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BYU graduate blazes path for female leaders

As a young BYU student, Alison Davis-Blake remembers sitting in a class with only a few other women, bemoaning the lack of females studying economics and math." The faculty member said, 'Well, you're pioneers. You're doing a good service, blazing a trail,'" Davis-Blake recalled. "I remember thinking, 'I don't want to be a pioneer. That's hard.'"

Yet, throughout her schooling at BYU and in various faculty and administrative appointments now culminating in her recent promotion to be the first female dean at the prestigious University of Michigan Ross School of Business, Davis-Blake has continued to set an example and defy stereotypes.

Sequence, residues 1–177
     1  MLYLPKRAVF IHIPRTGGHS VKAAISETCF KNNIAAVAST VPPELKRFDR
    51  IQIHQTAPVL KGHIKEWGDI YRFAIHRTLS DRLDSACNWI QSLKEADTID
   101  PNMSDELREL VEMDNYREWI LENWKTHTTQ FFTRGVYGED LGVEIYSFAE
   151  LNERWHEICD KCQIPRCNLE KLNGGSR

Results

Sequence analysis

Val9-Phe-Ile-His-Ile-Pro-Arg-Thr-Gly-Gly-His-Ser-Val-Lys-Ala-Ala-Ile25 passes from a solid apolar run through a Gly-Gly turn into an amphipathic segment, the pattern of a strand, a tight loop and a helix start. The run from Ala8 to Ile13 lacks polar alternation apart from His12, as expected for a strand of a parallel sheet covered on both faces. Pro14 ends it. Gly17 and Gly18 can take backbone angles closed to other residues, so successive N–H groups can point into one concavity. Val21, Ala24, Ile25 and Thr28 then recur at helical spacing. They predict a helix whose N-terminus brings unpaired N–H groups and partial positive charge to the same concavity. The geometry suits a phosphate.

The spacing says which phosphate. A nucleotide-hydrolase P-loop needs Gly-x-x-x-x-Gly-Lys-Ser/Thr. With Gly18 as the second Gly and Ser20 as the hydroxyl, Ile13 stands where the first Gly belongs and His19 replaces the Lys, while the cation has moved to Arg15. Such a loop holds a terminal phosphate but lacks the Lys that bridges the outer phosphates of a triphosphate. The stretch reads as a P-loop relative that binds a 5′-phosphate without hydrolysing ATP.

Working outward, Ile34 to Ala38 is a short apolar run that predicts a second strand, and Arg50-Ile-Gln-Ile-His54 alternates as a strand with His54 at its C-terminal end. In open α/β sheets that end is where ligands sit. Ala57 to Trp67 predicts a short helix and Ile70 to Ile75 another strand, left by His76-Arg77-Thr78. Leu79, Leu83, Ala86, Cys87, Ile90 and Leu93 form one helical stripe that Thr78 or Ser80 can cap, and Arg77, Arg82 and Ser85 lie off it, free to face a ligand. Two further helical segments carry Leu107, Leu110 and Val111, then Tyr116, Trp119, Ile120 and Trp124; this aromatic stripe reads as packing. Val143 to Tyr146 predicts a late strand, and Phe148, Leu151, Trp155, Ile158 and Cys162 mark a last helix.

"I'm a reluctant pioneer," she said with a laugh. "But I'm growing more comfortable with that role because someone has to be first. It's not because I desire to be first, but through accidents of history I've been first a number of times, and I find that creates important change."

Read the rest of this story at deseret.com
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